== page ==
“Numerous Greek Orthodox Christians have fled the country, and those who remain live in constant fear. They are also living in less-than-basic conditions, without food and water, and are dependent entirely on any humanitarian aid that may come their way. They cannot even move around freely, as Islamic snipers murder them. In short, Greek Orthodox Christians in Syria have become the victims of a coordinated genocide.”
Dispute with Ankara
Arguably, however, the most important factor driving Greece and Syria’s reestablishment of formal diplomatic relations is their shared perception of the threat posed by Turkey. Tensions between Greece and Turkey have significantly heated up in recent months, mainly due to a dispute over sovereignty in the gas-rich Eastern Mediterranean, in addition to the Hagia Sophia controversy.
Such problems show no signs of resolving easily or amicably in the near term. The Greek and Syrian leaderships see restored diplomatic relations as a means of weakening Ankara’s geopolitical position in the Eastern Mediterranean and its “neo-Ottoman” foreign policy throughout the region.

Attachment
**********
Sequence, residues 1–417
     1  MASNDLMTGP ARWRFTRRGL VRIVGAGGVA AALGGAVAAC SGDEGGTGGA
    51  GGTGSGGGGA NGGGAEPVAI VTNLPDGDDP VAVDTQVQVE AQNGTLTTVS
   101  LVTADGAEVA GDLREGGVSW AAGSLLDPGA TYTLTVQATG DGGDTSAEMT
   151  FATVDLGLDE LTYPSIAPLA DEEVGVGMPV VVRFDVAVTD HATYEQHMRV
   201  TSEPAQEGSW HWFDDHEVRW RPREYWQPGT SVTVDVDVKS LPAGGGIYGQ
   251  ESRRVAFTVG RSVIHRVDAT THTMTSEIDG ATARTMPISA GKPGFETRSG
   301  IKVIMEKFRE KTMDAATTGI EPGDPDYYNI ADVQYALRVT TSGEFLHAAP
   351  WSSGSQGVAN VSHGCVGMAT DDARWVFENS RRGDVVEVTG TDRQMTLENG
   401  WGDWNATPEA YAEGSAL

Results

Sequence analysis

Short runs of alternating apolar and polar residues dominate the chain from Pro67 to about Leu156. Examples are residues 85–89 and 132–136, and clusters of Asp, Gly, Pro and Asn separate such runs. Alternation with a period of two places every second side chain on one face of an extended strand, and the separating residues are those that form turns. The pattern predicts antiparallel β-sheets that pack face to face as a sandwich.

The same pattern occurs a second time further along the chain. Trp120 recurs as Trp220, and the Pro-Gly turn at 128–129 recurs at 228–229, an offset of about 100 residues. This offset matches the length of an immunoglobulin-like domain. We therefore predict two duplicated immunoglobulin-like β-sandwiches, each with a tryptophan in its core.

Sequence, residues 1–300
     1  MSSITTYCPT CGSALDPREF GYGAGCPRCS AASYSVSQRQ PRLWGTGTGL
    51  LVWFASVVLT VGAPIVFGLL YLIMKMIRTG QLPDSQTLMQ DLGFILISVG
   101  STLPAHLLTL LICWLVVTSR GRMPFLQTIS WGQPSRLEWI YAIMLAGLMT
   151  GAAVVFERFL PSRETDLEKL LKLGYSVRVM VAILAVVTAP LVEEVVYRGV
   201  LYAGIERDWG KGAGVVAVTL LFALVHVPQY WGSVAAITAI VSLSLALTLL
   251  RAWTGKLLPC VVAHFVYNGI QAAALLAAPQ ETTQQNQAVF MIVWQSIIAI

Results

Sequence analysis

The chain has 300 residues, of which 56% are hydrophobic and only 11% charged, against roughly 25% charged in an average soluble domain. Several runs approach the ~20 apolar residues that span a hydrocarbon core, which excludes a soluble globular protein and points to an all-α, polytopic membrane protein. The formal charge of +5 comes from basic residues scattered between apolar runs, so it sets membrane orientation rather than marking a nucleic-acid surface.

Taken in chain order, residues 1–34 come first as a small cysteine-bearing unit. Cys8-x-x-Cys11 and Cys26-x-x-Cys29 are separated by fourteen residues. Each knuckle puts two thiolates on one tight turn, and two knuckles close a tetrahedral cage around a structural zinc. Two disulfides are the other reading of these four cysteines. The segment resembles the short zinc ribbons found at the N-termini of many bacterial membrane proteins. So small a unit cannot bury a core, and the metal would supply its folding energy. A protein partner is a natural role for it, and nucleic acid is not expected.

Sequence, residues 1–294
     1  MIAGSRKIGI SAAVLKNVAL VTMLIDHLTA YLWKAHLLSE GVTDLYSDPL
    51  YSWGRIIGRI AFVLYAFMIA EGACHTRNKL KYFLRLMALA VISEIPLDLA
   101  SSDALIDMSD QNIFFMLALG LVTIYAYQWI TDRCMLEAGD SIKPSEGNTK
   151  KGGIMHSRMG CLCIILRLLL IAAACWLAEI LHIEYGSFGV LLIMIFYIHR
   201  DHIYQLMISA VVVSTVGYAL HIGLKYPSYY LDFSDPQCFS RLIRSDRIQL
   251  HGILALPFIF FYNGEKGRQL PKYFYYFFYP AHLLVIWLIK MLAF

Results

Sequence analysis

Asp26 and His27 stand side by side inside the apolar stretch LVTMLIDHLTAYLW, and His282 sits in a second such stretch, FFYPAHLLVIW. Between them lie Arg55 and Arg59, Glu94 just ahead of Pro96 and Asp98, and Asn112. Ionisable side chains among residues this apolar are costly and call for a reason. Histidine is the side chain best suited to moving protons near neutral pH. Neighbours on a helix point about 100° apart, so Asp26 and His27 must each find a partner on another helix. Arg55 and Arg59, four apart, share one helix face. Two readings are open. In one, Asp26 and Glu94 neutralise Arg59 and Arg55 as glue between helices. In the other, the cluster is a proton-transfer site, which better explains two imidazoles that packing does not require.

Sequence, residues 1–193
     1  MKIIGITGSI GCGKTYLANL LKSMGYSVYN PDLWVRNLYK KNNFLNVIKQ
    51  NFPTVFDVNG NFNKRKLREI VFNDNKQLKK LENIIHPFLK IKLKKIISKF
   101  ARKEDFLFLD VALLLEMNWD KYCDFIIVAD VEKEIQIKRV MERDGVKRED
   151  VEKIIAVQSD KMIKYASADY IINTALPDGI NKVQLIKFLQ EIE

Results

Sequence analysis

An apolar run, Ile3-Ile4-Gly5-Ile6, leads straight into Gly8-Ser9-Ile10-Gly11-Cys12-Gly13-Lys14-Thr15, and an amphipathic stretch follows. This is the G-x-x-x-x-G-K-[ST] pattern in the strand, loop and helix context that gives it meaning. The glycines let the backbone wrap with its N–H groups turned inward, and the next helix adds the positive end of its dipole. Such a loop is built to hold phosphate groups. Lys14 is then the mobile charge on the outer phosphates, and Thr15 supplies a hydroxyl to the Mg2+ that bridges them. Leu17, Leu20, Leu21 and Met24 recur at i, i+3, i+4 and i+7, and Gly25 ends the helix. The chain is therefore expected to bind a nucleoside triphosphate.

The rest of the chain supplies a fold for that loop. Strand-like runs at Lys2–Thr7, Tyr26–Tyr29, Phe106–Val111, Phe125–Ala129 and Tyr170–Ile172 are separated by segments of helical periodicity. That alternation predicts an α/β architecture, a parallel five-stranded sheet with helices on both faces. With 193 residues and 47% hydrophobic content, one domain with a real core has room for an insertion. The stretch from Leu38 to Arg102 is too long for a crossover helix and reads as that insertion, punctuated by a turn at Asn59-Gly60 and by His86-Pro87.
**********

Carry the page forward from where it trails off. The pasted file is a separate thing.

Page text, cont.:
Moreover, the Greek-Syrian rapprochement takes place within the context of Athens working to strengthen its relations with a host of European and Arab actors that perceive Turkey to be a dangerous power that must be countered. Besides Syria, these countries include Cyprus, Egypt, France, Libya’s eastern side, Israel, Saudi Arabia and the UAE.
Greek scholar Mochament Elsaer said that “due to long-established economic traditions with Syrian businesses, Greece could promote dialogue and become [Syria’s] diplomatic and economic bridge to Europe”. But Greece’s relationship with Washington, along with US power in the global financial system, will limit the extent to which Athens and Damascus can build a strong economic partnership.